For these reasons, BMW, like Volvo—which recently opened its own South Carolina plant—is staunchly pro-free trade, and has made no secret of the fact that if tariffs threaten the math of exporting SUVs from Spartanburg, its plans will be reconsidered.

This message, apparently, has not resonated with South Carolina’s voters, perhaps because the 25 percent car tariff is still theoretical and, for now, the good times are still rolling.

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At a rally for the re-election campaign of Republican Gov. Henry McMaster I went to at a brewery on Saturday, the governor—one of Trump’s earliest supporters—received applause for his support for Trump and the economic investment that has poured into his state. McMaster said that Trump is “probably one of the greatest presidents we’ll ever have.”

“We fell in love with him right away,” McMaster added, recalling when Trump was trying to capture the Republican nomination. “They told me some time later, they said, ‘Mr. Trump would like you to endorse him.’ I said, ‘Well, I like him a lot, who else has endorsed him around here?’ They said, ‘Nobody.’ And I said, ‘Well, I don’t mean just in Columbia, I mean anywhere in the state.’ They said, ‘Nobody.’ And I said, ‘How about anywhere else?’ And they said, ‘Nobody.’ And I said, ‘I’m in!’ And they said, ‘You are?’ And I said, ‘I’ll do it!’”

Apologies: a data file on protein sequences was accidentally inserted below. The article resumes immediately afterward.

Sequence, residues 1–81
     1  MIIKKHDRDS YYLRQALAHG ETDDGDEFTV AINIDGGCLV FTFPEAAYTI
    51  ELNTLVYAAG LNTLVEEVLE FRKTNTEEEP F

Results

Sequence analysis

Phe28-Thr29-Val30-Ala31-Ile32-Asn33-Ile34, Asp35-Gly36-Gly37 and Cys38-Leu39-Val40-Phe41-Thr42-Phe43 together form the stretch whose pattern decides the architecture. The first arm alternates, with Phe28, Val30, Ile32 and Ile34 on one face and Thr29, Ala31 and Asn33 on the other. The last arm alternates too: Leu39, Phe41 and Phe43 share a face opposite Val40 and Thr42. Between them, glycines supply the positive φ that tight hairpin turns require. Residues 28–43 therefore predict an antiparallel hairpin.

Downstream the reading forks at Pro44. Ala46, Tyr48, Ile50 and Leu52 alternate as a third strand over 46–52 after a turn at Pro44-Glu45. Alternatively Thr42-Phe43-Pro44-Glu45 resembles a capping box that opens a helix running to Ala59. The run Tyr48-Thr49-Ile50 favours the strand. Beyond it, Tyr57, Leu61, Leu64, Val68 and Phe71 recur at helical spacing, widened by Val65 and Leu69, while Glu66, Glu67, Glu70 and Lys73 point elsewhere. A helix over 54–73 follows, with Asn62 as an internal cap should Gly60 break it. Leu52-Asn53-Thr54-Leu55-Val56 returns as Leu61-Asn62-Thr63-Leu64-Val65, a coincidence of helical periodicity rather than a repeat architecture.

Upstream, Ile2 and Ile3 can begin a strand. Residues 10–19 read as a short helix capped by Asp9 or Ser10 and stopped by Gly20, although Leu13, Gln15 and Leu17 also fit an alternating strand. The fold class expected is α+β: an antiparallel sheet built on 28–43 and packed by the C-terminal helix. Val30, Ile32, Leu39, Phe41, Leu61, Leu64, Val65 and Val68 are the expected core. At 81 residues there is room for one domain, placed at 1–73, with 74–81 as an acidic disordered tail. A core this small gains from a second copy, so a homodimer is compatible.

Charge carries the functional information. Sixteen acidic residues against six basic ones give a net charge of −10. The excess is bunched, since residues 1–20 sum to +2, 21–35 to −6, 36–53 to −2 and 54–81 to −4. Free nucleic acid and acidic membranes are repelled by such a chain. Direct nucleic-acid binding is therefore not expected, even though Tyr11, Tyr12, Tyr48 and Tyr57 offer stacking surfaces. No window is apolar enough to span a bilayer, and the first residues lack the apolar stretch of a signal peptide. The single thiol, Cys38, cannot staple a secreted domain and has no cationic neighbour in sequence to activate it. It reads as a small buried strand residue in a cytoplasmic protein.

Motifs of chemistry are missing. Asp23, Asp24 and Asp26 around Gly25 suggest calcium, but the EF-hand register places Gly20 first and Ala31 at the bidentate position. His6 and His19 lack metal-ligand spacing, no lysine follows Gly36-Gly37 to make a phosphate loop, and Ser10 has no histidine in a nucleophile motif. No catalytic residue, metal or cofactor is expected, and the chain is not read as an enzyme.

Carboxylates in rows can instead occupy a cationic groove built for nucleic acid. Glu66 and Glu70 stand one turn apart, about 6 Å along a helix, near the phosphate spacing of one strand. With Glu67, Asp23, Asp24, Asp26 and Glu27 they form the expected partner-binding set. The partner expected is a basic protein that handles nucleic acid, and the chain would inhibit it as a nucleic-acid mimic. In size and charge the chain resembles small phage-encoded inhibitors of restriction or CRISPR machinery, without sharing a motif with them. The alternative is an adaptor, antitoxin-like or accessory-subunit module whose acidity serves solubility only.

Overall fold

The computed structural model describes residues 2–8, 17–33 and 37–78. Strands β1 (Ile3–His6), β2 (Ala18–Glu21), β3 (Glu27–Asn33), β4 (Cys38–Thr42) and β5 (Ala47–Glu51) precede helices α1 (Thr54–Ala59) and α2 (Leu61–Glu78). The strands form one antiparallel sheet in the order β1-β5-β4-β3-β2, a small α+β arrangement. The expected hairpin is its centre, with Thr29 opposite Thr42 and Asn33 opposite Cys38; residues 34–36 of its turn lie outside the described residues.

Afterward, I asked McMaster whether he still supported Trump given the tariffs and their potential impact on the BMW plant.

“All the negotiations about the tariffs are in progress,” McMaster said. “Many have been discussed, few have actually been applied.”

McMaster also argued that he was best positioned to protect his state from tariffs that would affect South Carolina.

“We want to be sure that any tariffs that are imposed help South Carolina and doesn’t hurt South Carolina,” he said. “We’ve been talking about tariffs with them and Volvo and everyone else ever since it came up. Constantly.”

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McMaster, center, at 13 Stripes Brewery.